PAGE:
New study suggests major roads significantly reduce bat numbers, activity and diversity - raising serious issues for how road construction projects mitigate their impact on these protected species.
The findings - published today in the Journal of Applied Ecology - show that the negative impact of a major road stretches a considerable distance, with bat activity three times lower at the roadside than 1.6km away. As bats are protected under UK and EU legislation, the research could have legal consequences for road builders.
"UK and European law protects all species, so construction work must not have a negative impact on bat populations," says Professor John Altringham from Leeds' Faculty of Biological Sciences, who led the research. "This study shows that the impact of roads on bats is far-reaching, and road construction projects must take this into account or they are potentially breaking the law."
The study measured bat activity and diversity along unlit sections of the M6 motorway in Cumbria, in the North of England, which carry between 30,000 and 40,000 vehicles a day. PhD student Anna Berthinussen, the lead author of the paper, walked along 20 routes perpendicular to the motorway, stopping at set points along the way, up to 1.6km from the road.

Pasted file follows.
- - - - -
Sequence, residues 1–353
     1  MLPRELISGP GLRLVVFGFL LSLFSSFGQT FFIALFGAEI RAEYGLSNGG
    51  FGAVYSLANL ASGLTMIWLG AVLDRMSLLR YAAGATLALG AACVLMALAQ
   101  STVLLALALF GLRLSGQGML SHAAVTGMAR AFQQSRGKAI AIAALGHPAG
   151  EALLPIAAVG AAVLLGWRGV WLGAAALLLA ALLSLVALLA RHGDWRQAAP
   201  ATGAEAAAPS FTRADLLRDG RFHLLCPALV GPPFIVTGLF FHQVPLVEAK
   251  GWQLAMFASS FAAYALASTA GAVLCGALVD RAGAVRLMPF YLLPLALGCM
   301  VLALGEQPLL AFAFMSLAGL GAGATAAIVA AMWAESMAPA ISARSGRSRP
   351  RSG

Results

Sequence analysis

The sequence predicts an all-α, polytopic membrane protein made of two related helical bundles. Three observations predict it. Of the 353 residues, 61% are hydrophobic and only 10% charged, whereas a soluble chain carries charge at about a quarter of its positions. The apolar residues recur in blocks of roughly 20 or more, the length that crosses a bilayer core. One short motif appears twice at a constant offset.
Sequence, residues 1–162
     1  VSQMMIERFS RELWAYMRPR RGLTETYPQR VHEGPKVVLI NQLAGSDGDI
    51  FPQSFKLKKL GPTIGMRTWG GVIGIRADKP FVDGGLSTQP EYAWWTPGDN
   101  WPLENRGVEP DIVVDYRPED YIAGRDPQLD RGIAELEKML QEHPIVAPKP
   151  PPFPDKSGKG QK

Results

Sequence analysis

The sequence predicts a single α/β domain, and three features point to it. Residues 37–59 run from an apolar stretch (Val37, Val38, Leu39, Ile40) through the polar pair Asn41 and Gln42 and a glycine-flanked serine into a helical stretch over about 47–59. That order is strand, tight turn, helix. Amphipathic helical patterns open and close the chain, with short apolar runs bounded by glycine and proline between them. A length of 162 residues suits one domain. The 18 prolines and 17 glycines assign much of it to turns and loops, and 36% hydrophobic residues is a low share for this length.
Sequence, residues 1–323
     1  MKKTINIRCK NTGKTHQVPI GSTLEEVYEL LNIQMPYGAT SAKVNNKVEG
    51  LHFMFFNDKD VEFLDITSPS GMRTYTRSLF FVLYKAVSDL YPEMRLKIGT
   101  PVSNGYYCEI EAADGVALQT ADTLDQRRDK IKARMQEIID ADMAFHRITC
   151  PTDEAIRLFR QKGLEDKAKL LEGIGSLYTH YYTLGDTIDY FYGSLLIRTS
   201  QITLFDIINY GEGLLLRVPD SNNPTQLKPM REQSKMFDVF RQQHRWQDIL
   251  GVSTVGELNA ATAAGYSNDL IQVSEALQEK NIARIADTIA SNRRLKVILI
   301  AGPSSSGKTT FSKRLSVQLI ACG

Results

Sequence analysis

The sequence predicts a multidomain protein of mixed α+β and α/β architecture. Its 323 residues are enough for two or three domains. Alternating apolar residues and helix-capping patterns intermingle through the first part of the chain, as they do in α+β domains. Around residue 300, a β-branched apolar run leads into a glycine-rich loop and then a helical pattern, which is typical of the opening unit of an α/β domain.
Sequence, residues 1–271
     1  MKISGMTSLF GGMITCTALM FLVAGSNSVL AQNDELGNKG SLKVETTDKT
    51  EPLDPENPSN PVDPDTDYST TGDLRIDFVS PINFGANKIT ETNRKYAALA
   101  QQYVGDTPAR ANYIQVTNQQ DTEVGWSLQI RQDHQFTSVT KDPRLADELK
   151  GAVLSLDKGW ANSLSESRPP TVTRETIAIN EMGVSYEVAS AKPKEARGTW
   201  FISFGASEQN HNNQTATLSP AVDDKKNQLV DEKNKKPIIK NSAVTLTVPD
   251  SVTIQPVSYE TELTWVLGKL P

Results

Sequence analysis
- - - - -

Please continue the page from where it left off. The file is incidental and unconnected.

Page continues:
Using ultrasonic detectors to record echolocation calls as bats flew past, she assessed bat foraging activity levels and then analysed the recordings to identify different species groups. The researchers took into account other factors such as the time after sunset, habitat and weather.
Just under 3,500 'bat passes' were recorded and three main groups of bat species identified - Pipistrellus, Myotis and Nyctalus. Activity gradually increased as the researchers got further from the road, with three times as much activity measured at 1.6km relative to at the roadside. Although their numbers declined, Pipistrellus bats were recorded at all locations, but Myotis were mainly seen at further distances from the road.
"The results were really clear cut when all other factors were taken into account, showing a very strong correlation between bat activity and diversity and distance from the road," says Anna. "Bat activity showed no sign of levelling off before the last recorded point, so it's likely that activity would continue to increase beyond the distance set for this study."
Professor Altringham believes the road is acting as a physical barrier to the bats, cutting off colonies from established foraging sites thereby reducing the area and quality of the available habitat. "Most species of bat fly relatively close to the ground, or close to trees and hedges, so they are reluctant to cross a wide open space such as a major road, particularly when it is occupied by heavy, fast moving traffic.
If they do attempt to cross, it is typically at traffic height, with a high risk of collision. Loss of habitat and increased mortality will both lead to population decline." "Most bat species forage up to about three kilometres from their roost.